MassHealth 40 Percent of State Senate Budget Proposal

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By Colin A. Young

BOSTON — The Senate Ways and Means Committee on Thursday unanimously approved a $41.42 billion fiscal year 2019 budget proposal, touting the spending plan’s “robust and critical investments” in education, an “innovative approach to drug pricing,” and a focus on obstacles to growth.

Senate Ways and Means Committee chairman Karen Spilka, who is expected to ascend to the Senate presidency in July, said the budget plan recognizes “that when all people in the Commonwealth are given the opportunities to participate in Massachusetts’s economy — as well as the tools to succeed — we all benefit.”

The fiscal 2019 budget plan represents a 3 percent increase in state spending over the current year’s budget and is based on the consensus revenue agreement that state tax revenue will grow by 3.5 percent in fiscal year 2019, which begins July 1, 2018.

The Senate’s budget includes about $61 million more spending than Governor Charlie Baker’s budget plan (H 2), $97 million less in spending than the amount amended and adopted by the House (H 4401).

The Senate budget anticipates an $88.5 million deposit into the state’s “rainy day” fund. Fiscal watchdogs have cautioned Beacon Hill that its inadequate reserves could easily be drained in a recession.

For education, the Senate proposed funding Chapter 70 aid to local school systems at $4.91 billion — “its highest level ever, even after accounting for inflation” — to allow for a minimum aid increase of at least $30 per pupil, the Ways and Means Committee said.

The Senate also proposes $270.1 million for income-eligible childcare, $5 million for the Commonwealth Preschool Partnership Initiative to expand access for 3- and 4-year-olds.

There is $318.9 million in the Senate budget for the Special Education Circuit Breaker, which reimburses districts at the statutorily required 75 percent rate, and $62.5 million for regional school transportation reimbursements.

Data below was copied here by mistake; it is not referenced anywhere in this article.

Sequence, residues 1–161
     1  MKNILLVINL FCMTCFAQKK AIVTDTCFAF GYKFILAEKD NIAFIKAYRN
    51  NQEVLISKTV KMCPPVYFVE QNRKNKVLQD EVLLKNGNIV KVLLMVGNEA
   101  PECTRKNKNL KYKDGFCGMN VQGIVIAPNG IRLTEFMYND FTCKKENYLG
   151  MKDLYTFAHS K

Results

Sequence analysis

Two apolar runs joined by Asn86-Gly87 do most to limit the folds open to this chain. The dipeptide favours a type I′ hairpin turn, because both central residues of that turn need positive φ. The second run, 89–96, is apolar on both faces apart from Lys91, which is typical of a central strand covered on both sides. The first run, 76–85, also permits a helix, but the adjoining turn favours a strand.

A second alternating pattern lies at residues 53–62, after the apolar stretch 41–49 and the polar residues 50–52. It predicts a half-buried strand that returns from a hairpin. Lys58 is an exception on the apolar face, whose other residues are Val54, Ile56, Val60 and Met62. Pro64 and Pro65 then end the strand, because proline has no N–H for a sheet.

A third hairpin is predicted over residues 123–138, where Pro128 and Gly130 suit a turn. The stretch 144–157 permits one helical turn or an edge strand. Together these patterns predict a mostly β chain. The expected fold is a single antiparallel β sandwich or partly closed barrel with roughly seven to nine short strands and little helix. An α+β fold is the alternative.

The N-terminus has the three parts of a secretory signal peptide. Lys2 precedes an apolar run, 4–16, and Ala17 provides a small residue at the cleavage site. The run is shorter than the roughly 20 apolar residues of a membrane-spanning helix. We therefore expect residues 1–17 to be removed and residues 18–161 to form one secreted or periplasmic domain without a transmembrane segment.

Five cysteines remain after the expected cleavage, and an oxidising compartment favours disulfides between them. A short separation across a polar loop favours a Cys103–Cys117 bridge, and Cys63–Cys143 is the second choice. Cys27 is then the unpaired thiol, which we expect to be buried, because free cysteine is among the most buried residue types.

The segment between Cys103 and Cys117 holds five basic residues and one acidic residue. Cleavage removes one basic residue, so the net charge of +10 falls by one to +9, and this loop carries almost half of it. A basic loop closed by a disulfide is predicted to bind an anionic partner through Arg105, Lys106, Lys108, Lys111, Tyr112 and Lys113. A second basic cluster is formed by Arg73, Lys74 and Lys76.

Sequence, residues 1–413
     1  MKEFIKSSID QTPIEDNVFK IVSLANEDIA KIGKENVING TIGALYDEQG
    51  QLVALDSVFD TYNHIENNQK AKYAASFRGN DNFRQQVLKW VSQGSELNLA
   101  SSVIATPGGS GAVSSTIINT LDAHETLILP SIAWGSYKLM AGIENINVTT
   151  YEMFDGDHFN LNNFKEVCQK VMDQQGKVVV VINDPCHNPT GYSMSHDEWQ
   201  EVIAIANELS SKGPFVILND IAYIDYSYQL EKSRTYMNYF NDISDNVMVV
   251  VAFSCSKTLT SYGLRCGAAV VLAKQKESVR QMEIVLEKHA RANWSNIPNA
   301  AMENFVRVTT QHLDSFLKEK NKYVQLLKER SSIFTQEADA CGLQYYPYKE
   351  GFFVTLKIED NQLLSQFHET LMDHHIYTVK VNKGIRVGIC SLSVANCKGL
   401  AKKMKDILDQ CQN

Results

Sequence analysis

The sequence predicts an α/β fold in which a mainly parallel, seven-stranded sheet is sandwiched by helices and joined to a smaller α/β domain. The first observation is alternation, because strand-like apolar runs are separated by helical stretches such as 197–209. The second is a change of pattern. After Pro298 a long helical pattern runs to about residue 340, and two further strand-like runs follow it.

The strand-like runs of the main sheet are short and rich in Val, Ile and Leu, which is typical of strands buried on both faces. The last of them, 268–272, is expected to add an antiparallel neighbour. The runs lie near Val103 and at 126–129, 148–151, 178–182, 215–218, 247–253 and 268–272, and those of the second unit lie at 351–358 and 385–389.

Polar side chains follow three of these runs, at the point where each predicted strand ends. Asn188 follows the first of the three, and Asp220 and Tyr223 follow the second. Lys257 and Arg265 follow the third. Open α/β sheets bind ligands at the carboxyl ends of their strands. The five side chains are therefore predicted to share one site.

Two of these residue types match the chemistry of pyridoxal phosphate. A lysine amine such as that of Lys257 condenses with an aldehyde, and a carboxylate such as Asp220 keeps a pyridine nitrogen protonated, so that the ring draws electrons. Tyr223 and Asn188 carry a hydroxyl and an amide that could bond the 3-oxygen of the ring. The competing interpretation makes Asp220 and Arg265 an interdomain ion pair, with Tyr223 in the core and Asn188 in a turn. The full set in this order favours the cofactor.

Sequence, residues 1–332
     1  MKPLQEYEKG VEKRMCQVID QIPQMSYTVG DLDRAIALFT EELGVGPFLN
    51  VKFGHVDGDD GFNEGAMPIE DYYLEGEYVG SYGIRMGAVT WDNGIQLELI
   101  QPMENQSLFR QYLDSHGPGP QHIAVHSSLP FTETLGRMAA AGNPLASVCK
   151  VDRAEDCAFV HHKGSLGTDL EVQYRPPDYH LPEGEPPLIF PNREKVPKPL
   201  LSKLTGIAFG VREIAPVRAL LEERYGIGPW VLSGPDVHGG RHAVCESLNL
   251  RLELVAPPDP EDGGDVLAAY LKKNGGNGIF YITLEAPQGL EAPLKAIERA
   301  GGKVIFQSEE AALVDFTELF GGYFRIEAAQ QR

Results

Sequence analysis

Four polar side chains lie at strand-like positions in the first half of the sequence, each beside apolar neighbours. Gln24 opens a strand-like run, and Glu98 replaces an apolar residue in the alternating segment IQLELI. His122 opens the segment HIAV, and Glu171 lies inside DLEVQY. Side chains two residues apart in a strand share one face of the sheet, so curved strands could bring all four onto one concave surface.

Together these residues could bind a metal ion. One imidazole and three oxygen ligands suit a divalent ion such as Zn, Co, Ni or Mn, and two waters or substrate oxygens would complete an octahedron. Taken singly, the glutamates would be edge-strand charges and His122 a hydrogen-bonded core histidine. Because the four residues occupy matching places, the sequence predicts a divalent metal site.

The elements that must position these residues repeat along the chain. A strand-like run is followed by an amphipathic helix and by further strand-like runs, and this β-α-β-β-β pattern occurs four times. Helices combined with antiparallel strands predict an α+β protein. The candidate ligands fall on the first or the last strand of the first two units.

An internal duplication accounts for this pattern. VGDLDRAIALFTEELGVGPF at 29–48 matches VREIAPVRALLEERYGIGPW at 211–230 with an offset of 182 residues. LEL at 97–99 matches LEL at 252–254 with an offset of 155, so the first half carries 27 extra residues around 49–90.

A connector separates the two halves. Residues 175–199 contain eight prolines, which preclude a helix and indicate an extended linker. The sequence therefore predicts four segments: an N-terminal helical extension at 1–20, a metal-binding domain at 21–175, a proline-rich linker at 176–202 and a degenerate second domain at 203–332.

The Senate’s budget plan calls for $1.1 billion in unrestricted local aid, matching proposals from the governor and the House.

MassHealth, the state’s behemoth Medicaid program, is funded to the tune of $16.12 billion in the state budget — accounting for nearly 40 percent of the spending plan.

The Senate budget includes a $452 million Medical Assistance Trust Fund transfer in its budget bottom line, but the governor and House do not.

To tackle the rising costs of pharmaceutical drugs, the Senate budget plan includes an annual prescription drug spending target and authorizes the state’s secretary of health and human services to seek rebates from drug companies.

The release of the Senate budget, which will be debated beginning Tuesday, May 22, comes at a point when it appears the state is more flush with cash than in the past two fiscal years. Since the passage of federal tax reform in November, tax collections have spiked, leaving the state with $809 million more this fiscal year than it had anticipated.
Spilka said the budget represents “a cautiously optimistic approach” to spending given the state’s fiscal picture.